https://twitter.com/romancane/status/1048954497647742978

On cue, the mismatch showed up again. Jordan will take the vertical on a dagger concept. The Z receiver will run a dig underneath the seem and as you can see, FSU is in man one. It is a single high look and once again Perry's eye discipline plays key. Notice how he opens up looking directly at the safety. This essentially puts cement shoes on the single high and he simply has no shot helping on this mismatch. Miami would take the lead on this play and never look back.

When this play is called in the huddle and you see this look as a quarterback, you know exactly where you need to go pre-snap. You actually start licking your chops. I also like how Jeff Thomas is taking his seam and bending it up the sideline on the opposite side of the field. This puts a single high safety in further conflict. You have to respect Jeff's speed as well. But as you can see, this is why Brevin is such a nightmare to defend for a linebacker. Especially one that is half is size.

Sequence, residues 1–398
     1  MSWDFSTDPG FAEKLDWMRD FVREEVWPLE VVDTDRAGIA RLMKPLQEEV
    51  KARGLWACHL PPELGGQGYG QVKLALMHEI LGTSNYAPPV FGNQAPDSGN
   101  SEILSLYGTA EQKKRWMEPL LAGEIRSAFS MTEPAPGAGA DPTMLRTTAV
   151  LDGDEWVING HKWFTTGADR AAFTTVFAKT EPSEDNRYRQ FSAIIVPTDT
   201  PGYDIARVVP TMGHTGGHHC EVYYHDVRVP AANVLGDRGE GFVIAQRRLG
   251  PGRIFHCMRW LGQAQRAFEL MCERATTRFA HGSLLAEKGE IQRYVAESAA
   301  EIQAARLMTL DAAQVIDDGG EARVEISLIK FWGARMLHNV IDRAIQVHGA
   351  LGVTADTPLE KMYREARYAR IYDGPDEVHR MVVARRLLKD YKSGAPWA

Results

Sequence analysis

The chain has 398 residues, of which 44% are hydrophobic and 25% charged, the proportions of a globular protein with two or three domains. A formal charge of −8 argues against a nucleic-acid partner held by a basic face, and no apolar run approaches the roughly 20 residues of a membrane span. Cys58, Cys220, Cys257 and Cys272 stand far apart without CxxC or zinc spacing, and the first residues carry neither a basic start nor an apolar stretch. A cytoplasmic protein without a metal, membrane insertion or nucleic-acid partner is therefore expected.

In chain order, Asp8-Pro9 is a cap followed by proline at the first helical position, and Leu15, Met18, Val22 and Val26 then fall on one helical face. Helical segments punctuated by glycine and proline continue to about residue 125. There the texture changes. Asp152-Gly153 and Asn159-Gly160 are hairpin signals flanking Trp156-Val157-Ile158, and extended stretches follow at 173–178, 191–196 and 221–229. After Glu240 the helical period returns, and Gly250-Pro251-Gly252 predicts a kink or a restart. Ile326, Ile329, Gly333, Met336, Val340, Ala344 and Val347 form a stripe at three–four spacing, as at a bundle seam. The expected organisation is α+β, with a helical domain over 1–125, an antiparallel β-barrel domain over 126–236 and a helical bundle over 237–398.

https://twitter.com/romancane/status/1048933972573605894

When you watch week to week you tend to notice little things. Motion anyone? I love this concept here on third down. Brevin will go in motion and essentially make this a bunch formation to the field. The bunch combo will be Thomas on a corner, Cager on a slant and Jordan on an angle. This is thrown well to Cager who essentially dropped what would have been his third touchdown of the day.

I think Miami needs to replicate several looks moving forward in this department. When no one runs with Jordan in motion you know the defense is signaling a zone defense. This makes things so much easier for the quarterback especially in terms of the identification department. Also the decision to go bunch is very effective vs man coverage if FSU decided to cover it that way. More please.

https://twitter.com/romancane/status/1048945753408905217

Here we will show a touchdown Cager actually will catch. It is on a concept we highlight every week. A slant/flat (post/flat) combo is something Perry throws really well. Perry simply reads the #2 db over the slot and when he runs with the flat the window becomes open. This was on a fourth down and the first touchdown of the game. That is a lot of faith in a freshman quarterback and he delivered the ball with precision. The key? It is delivered low. You never want to have the ball potentially tipped in the red zone. That isn't a bad ball. That is knowing where to put the ball where only your receiver can get it.